One certainty we can count on is change—and that includes how and where we shop. Because our consumer behavior shifts with world adaptation, big box and junior box retailers must be nimble in how they offer goods and services to best reach and serve customers.
When it comes to the development, design and construction side of retail spaces, we must also adapt in order to deliver a project that meets retailers’ goals. The priorities of retailers often pivot to align with consumer behavior, which is reflected in the location, footprint and delivery capabilities of a store.
The top priority for consumers these days? Convenience. So the top priority for retailers is creating a convenient experience, reflected in both their brick-and-mortar stores and online presence.
Two leaders on our Retail team—Mark Schoening, executive vice president, and Patrick Daly, vice president of real estate development—identified three myths surrounding retail development and the reality of how retail clients are adapting to consumer behaviors.
Myth: Retailers must build new warehouses to accommodate e-commerce purchases.
According to our team of retail experts, a costly mistake that retail clients make is assuming they need to build a brand new warehouse to fulfill the high demand driven by online orders. But a warehouse isn’t always the most strategic, cost-efficient solution. The answer: Micro-fulfillment centers.
Micro-fulfillment means using inventory in the back of the store as a pipeline to fulfill online orders. Stores now must function in two ways: having a brick-and-mortar storefront that can give customers the option to shop and return items in person, while also having an online presence where items are ordered and shipped to consumers’ front doorstep.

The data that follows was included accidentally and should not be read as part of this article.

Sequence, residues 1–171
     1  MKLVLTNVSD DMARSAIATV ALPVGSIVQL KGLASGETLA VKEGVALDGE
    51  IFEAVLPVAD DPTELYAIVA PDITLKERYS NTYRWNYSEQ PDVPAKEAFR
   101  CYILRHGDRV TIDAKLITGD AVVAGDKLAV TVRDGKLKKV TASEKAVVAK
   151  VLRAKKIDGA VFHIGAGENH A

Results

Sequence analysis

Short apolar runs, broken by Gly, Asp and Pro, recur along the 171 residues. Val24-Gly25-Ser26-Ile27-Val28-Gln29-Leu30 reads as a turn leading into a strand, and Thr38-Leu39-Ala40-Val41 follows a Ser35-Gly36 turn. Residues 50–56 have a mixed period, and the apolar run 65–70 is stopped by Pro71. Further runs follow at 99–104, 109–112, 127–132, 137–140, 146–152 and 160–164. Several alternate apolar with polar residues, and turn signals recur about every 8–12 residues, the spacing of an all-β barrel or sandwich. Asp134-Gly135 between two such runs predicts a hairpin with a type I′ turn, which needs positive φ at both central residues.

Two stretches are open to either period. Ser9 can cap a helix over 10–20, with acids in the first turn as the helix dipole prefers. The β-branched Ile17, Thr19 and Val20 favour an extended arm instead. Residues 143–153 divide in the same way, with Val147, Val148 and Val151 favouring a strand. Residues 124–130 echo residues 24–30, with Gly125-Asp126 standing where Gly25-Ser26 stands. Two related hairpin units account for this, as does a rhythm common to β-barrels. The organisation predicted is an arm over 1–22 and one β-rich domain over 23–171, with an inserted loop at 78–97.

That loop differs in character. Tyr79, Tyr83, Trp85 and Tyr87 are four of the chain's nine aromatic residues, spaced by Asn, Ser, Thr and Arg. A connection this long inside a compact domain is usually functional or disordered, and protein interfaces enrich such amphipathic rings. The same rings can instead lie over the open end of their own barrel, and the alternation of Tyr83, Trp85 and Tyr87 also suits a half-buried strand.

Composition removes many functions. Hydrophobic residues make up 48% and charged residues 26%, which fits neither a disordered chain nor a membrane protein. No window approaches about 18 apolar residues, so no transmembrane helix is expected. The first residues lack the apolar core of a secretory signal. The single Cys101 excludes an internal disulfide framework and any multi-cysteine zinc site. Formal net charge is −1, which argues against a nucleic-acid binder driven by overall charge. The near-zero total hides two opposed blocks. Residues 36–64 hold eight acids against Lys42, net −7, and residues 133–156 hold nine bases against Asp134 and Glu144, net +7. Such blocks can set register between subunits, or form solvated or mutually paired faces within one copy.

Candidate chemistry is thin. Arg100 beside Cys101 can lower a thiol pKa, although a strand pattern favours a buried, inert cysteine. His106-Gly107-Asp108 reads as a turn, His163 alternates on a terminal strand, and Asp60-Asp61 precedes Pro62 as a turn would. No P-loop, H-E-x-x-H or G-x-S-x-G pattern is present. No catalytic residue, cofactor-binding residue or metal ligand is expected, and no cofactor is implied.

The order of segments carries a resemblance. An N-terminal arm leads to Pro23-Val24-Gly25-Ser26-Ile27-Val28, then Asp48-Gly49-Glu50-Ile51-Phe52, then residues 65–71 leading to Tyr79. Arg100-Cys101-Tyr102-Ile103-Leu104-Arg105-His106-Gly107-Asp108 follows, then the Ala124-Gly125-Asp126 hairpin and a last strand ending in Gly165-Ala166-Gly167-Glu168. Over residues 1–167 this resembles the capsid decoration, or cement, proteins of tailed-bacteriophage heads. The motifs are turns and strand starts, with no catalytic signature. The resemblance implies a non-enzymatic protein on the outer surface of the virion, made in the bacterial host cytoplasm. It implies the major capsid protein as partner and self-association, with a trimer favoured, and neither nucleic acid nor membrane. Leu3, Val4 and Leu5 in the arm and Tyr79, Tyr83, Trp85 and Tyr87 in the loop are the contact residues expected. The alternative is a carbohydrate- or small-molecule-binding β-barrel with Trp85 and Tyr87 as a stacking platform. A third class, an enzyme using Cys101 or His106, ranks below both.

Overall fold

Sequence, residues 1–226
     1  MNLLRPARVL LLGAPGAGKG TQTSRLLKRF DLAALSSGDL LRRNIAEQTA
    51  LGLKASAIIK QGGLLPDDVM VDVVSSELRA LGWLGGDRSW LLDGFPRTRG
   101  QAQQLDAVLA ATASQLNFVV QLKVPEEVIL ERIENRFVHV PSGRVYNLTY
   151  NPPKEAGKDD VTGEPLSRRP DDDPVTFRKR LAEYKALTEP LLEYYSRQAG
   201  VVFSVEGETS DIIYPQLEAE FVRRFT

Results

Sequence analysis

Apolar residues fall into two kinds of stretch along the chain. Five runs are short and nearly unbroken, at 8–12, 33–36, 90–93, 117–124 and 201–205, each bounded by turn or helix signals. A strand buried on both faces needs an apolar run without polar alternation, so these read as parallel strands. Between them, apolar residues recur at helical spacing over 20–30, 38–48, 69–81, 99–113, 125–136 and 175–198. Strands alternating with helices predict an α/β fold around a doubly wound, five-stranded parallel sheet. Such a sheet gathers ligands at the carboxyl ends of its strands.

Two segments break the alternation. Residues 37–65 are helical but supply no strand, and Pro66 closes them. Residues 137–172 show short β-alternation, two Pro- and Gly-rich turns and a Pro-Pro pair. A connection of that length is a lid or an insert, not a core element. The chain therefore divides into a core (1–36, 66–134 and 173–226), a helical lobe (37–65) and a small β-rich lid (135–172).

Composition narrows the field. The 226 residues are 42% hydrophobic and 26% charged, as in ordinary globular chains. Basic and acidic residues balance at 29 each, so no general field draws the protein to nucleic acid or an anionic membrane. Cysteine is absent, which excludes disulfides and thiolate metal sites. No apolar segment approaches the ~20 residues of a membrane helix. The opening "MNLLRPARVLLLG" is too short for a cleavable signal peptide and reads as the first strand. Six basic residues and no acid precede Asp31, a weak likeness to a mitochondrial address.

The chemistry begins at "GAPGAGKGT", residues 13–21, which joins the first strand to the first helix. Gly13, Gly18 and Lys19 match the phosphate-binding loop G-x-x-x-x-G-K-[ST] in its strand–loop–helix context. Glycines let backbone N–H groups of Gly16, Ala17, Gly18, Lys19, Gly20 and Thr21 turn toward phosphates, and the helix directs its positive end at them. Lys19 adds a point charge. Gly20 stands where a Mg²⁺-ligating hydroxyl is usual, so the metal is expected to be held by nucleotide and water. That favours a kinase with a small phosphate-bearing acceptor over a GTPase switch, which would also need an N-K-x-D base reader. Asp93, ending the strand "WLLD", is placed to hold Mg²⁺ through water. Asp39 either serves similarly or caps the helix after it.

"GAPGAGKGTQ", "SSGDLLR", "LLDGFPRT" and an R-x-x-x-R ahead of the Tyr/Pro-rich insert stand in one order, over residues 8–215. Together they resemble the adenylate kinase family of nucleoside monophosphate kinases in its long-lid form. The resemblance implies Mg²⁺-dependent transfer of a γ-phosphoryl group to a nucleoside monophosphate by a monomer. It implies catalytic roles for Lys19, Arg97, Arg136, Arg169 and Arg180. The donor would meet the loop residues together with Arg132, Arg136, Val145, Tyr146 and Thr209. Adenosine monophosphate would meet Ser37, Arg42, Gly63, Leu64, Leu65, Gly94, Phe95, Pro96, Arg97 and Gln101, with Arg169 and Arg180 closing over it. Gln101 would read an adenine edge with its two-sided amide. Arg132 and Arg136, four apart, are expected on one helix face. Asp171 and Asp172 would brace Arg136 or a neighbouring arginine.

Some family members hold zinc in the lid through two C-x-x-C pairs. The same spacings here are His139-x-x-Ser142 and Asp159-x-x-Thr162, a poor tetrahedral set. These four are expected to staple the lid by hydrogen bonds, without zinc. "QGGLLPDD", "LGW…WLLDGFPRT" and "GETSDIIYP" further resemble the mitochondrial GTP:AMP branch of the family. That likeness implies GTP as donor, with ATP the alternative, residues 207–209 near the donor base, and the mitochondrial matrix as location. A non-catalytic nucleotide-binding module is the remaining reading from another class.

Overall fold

Keeping both priorities in mind, the location of stores in relation to their warehouses is critical. If a retailer has a strong store network concentrated in an area, building a new warehouse might not be necessary. By repurposing stores to serve as micro-fulfillment centers that can ship orders straight from that location, clients can save thousands of dollars.
Myth: It’s too challenging to turn an existing store into a micro-fulfillment center.
The rent structure for existing retail buildings—coupled with the high cost for materials and navigating supply chain challenges— means cost and procurement are key considerations that retailers navigate when making development decisions. While micro-fulfillment centers can serve as an effective, strategic solution, transforming an existing store into a micro-fulfillment center has its challenges, including:
- Truck flow hurdles. Stores aren’t usually built for heavy truck flow going in and out. Instead, they are often originally built for a couple of deliveries and takeaways a day.
- Limited docks. Stores usually have the capacity for two delivery trucks to sit in a dock at a time. Less space means less capabilities to deliver large amounts of product.